A review of literature in economics and marketing suggests that since Raymond Vernon published his article "International Investment and International Trade in the Product Cycle" in 1966,1 there has been a simultaneous development of literature pertaining to the 'product cycle' in marketing. There are differences between Vernon's concept of the product cycle and marketers' perception of the product life cycle. However, when one reviews publications in areas where these disciplines tend to overlap, particularly in international marketing and international business, both of these terms tend to fuse together and be used almost interchangeably. While discussing Vernon's model, Louis T. Wells, Jr. states that "the model claims that many products go through a trade cycle, during which the United States is initially an exporter, then loses its export markets and may finally become an importer of the product"2. Warren Keegan, a marketing scholar, on the other hand, refers to the International Product Life Cycle in the following manner: "The International Product Life Cycle model suggests that many products go through a cycle during which high income, mass consumption countries are initially exporters, then lose their export markets, and finally become importers of the product."3 These are clear instances where trade cycle and product life cycle have been defined almost identically in the international context. There could be several possible explanations for the interchangeable use of the product cycle and product life cycle concepts. One explanation is that the product cycle, developed by economists as part of the international framework, was initially unknown to marketers when they developed the product life cycle concept.4 Another possibility is that marketers, in order to extend the product life cycle concept to international markets, borrowed the product cycle concept from economists who employed the concept to explain patterns of international trade. The interchangeable use has created conceptual fuzziness in the literature and has overshadowed the differences between the two. II. PRODUCT CYCLE AND PRODUCT LIFECYCLE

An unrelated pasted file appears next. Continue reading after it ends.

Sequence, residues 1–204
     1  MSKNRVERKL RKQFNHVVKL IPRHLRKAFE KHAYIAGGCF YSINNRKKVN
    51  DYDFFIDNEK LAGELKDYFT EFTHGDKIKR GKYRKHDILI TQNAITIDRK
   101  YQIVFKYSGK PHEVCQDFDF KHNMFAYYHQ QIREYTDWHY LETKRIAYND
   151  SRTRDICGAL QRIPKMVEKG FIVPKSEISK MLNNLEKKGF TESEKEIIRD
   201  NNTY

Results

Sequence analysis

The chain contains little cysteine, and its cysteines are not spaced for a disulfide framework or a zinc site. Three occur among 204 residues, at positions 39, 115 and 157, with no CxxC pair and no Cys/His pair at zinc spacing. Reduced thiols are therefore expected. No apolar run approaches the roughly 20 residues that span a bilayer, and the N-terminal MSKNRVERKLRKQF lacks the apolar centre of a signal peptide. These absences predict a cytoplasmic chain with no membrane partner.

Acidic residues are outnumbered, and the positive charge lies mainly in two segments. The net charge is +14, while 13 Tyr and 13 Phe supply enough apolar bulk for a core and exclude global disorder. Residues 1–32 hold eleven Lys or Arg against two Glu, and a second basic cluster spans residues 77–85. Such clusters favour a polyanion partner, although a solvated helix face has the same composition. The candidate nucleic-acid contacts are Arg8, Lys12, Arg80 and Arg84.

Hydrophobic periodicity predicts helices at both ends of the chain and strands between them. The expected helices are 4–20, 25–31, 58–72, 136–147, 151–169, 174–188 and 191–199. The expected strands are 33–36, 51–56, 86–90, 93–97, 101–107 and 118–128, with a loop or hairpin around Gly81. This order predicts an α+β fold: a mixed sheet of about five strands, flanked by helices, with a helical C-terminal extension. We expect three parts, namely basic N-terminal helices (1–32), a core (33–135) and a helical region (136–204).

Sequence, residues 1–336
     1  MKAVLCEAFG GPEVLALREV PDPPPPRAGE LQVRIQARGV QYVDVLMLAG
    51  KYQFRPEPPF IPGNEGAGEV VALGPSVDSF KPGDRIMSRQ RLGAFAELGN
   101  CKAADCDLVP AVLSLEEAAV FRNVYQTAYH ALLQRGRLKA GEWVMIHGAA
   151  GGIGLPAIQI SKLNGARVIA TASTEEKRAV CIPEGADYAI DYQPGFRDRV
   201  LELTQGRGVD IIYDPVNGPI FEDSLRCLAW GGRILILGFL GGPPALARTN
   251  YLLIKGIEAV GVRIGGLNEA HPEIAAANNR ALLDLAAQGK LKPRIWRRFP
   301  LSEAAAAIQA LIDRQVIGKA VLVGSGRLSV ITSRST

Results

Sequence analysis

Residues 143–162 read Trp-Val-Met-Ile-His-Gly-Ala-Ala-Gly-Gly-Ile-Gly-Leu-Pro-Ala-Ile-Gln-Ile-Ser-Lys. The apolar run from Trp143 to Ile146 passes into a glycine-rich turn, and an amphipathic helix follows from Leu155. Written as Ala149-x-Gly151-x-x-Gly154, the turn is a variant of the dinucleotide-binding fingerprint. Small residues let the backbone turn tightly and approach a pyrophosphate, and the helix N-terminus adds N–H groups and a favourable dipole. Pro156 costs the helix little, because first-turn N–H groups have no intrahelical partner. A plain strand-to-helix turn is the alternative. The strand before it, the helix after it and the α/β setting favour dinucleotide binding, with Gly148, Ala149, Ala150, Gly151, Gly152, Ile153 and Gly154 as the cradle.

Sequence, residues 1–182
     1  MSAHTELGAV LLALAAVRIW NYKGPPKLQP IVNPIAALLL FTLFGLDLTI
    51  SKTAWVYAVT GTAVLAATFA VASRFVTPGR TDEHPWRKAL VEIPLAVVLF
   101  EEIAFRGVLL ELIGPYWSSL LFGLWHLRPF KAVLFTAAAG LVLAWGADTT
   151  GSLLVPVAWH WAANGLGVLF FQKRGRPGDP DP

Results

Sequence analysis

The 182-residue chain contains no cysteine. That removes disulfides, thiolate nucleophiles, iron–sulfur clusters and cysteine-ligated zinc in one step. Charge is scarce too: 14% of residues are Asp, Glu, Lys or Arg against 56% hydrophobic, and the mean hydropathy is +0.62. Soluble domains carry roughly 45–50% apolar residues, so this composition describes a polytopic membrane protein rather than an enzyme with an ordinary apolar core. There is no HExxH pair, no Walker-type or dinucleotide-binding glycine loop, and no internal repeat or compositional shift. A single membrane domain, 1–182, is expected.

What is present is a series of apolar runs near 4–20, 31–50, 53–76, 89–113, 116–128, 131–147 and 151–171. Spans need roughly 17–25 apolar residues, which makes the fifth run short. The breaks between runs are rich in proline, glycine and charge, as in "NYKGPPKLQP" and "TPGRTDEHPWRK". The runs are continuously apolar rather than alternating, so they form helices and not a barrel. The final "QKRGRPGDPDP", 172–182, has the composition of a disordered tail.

The purpose of this paper is to make a distinction between the product cycle and product life cycle concepts, clarify the relationship between the two and redefine the international product life cycle. Raymond Vernon, attempting to explain patterns of international trade, observed a circular phenomenon in the composition of trade between countries in the world market. Advanced countries, which have the ability and competence to innovate as well as high-income levels and mass consumption become initial exporters of goods. However, they lose their exports initially to developing countries and subsequently to less developed countries and eventually become importers of these goods. Vernon's hypothesis was an attempt to advance the trade theory beyond the static framework of the comparative advantage of David Ricardo and other classical economists. It explored hitherto ignored or unexplained areas of international trade theory such as timing of innovation, effects of scale economies and the role of uncertainty and ignorance in trade patterns. His intent was not to propose a theory of product life cycle as commonly understood by marketing theorists. The product life cycle concept, typically expressed as an "S" shaped curve in marketing literature, is based on the analogy of the human biological cycle.5 Products, like living organisms, go through stages of birth, development, growth, maturity, decline and demise. To be meaningful, the product life cycle concept has to be used in conjunction with its counterpart, market evolution that is comprised of various stages of market development. Philip Kotler links both product life cycle and market stages in his concept of market evolution.6 The product cycle concept identifies four stages that the trade patterns go through. Louis Wells identifies these...
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